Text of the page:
SUPPORT FILMTRACKS! CLICK HERE FIRST:
Amazon.com
Amazon.co.uk
iTunes (U.S.)
Amazon.ca
Amazon.fr
eBay (U.S.)
Amazon.de
Amazon.es
Half.com
Glisten Effect
Editorial Reviews
Scoreboard Forum
Viewer Ratings
Composers
Awards
   NEWEST MAJOR REVIEWS:
     1. Halloween
    2. Venom
   3. House With a Clock/Walls
  4. The Nun
 5. Crazy Rich Asians
6. The Meg
   CURRENT MOST POPULAR REVIEWS:
         1. Solo: A Star Wars Story
        2. Batman
       3. Jurassic World: Kingdom
      4. The Predator
     5. Edward Scissorhands
    6. Mission: Impossible - Fallout
   7. Christopher Robin
  8. Apollo 13
 9. Ant-Man and the Wasp
10. The Equalizer 2
Home Page
Menu Options ▼
Blinded by hatred

Vincent
<Send E-Mail>
(153.220-176-91.adsl-dyn.isp.belga
com.be)
Blinded by hatred   Monday, July 13, 2015 (4:49 a.m.) 

So the themes are merged intelligently (they are), but the overall score is simplistic? Zimmer indeed made valiant efforts, so why not stop being harsh for once? I'm glad you finally use the words 'understandable nightmare for Black Pearl, so, again, revisit your BP review.

How does Dead Man's Chest suffer from style? It's just Zimmer's style and you don't like that!

If Bruckheimer really called woodwinds girly-men instruments, I hope he'll meet his maker soon.

I don't think three love themes is so bad. It gives them the opportunity to switch between them, and in the Marry Me suite, all of them receive good treatment.

How is He's a Pirate obnoxious and wrong for the genre? Your problem is that you expect to hear something different. If you listen to a score presupposing what it will/should sound like, you'll hardly ever be satisfied. Sure, it's a very, very irritating theme indeed... Hedwig's Theme and Erebor aren't, right? If I hear Erebor one moretime, I'll commit suicide.

Overbearaing and simplistic anthems: the perfect description for any catchy JW theme. And there we have it again. You hate Zimmer because he is predictable. Can I just point out my housemates wonder what the fuck I'm playing whenever I am listening to a JW action piece? And no, my family doesn't consist of aliens. It might be unpredictable and unharmonious and what have you, but cues like The Spiders and Jurassic Park 2 in its entirety are unlistenable. Who gave you this ridiculous idea that harmony should be avoided, for heaven's sake? Why do you think Mozart's music appeals to so many people (it even helps you study)? Also, you're always banging on about Zimmer using the same orchestral tendencies. I'm not saying he isn't, but I can think of at least ten JW scores that use the same instrumets, which is not really surprising because we haven't got 10000000 instruments to play around with.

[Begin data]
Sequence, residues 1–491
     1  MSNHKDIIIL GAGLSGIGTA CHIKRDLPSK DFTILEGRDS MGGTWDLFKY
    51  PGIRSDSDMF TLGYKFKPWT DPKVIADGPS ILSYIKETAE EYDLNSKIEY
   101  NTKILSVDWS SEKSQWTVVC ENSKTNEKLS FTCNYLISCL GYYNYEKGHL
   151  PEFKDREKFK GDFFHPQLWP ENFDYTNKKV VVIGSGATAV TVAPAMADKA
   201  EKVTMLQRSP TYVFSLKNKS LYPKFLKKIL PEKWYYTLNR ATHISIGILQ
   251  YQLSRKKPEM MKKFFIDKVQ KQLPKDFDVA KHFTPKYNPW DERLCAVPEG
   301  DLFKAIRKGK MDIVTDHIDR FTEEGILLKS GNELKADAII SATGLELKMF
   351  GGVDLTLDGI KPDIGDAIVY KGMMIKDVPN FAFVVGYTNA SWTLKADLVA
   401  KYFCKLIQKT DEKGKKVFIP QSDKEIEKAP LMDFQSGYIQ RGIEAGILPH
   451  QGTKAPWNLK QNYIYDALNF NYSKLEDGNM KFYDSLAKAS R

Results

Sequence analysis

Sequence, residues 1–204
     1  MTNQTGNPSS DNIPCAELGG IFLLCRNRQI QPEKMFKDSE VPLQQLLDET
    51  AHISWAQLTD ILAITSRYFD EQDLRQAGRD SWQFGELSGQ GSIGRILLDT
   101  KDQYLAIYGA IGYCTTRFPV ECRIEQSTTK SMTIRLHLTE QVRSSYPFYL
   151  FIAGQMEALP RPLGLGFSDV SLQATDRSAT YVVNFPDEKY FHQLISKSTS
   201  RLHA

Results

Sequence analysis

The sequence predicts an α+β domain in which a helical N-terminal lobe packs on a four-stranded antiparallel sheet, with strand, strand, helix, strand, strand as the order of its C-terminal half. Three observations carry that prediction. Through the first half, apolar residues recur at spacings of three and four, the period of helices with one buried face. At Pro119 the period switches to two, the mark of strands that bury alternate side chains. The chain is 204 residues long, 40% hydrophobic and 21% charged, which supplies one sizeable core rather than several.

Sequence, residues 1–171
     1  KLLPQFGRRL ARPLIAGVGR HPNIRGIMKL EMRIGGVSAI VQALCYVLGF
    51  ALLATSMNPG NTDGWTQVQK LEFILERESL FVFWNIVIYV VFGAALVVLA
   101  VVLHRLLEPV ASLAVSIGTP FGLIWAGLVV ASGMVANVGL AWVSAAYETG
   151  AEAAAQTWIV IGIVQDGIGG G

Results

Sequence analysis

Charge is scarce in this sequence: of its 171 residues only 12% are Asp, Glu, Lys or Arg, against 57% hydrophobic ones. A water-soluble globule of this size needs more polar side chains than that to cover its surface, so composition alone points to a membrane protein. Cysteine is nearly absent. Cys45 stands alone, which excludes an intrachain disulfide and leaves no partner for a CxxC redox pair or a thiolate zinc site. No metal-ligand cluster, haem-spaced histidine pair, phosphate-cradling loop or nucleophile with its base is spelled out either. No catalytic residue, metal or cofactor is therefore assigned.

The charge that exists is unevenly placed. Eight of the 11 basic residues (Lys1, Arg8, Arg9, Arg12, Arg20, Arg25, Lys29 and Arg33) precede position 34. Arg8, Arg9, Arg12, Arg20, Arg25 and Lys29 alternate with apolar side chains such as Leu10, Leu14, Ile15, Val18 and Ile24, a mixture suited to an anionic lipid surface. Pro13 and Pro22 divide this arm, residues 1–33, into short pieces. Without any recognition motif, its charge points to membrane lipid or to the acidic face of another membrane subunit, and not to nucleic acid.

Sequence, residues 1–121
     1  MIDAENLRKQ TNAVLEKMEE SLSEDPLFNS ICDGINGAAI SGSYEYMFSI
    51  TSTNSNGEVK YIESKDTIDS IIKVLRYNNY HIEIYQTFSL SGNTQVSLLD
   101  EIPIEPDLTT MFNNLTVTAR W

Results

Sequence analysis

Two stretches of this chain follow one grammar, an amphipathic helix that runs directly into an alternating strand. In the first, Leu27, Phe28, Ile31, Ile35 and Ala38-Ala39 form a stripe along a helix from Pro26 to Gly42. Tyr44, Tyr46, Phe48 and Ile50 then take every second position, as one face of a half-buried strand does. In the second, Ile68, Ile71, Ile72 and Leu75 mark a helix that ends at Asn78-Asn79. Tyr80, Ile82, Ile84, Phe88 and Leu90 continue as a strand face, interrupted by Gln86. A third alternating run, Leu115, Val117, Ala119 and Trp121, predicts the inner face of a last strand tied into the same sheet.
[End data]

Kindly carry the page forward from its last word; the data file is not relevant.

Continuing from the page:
Also, 'knowledgeable film score enthusiasts' sounds so incredibly disgusting to me. Yet more proof you don't care about common people's interests. If the albums were/are so popular, you simply have to accept Zimmer did something right, whatever it is. If the music works for audiences around the world, well, too bloody bad for all the 'knowledgeable people' out there.

I do agree with you about the bass abuse.

There IS style in the love theme, Hans Zimmer's style! Are you telling me that a Patrick Doyle-esque romance theme would have worked in this saga? No, it wouldn't have, because we're used to Zimmer's style by now. I'm not saying Elizabeth couldn't do with a heartbreaking high-pitched violin theme accompanied by flutes, but it would just be out of order in this saga.

There's a name for elongated theme statements. Suites or concert arrangements. Heard about those?

Oh, come off it! Davy Jones and Will and Elizabeth are integrated masterfully. Now you're being unreasonable. I'll say it yet again, hoping (most likely in vain) you'll get my point: why do you always want every score to transcend, stand out, surprise or shock? The recording sessions for At World's End, apart from some minor cues, provide an excellent narrative. You do have a point about Beckett's Theme being not really catchy, but I still like it. Also, a teen banging any theme on a piano sounds a bit like Wiliams's catchy themes in general. Multiple Jacks is indeed different, but not beautiful.

Giving this score two stars is absurd. Zimmer did something about nearly all of your criticism from the previous score: he used a solo organ at one point, expanded the orchestra, integrated and came up with new themes and reduced the bass mix. Are you going to spend the remainder of your life wishing film scores were still being composed like they were 10 years ago? Times change, deal with it. Half of the things the modern crowds listen to are brainless to begin with (yes, I'm talking about Gangnam style and every other obnoxious thing humans produce these days whether 'they're happy' or not), so please be thankful that some of them like Hans Zimmer. Also, it might have escaped your notice, but the industry likes him too. So... well, yeah, I can't explain it any better.


Post Full Response         Edit Post         Threaded display



Copyright © 1998-2018, Filmtracks Publications. All rights reserved.
The reviews and other textual content contained on the filmtracks.com site may not be published, broadcast,
rewritten or redistributed without the prior written authority of Christian Clemmensen at Filmtracks Publications. Scoreboard created 7/24/98 and last updated 4/25/15.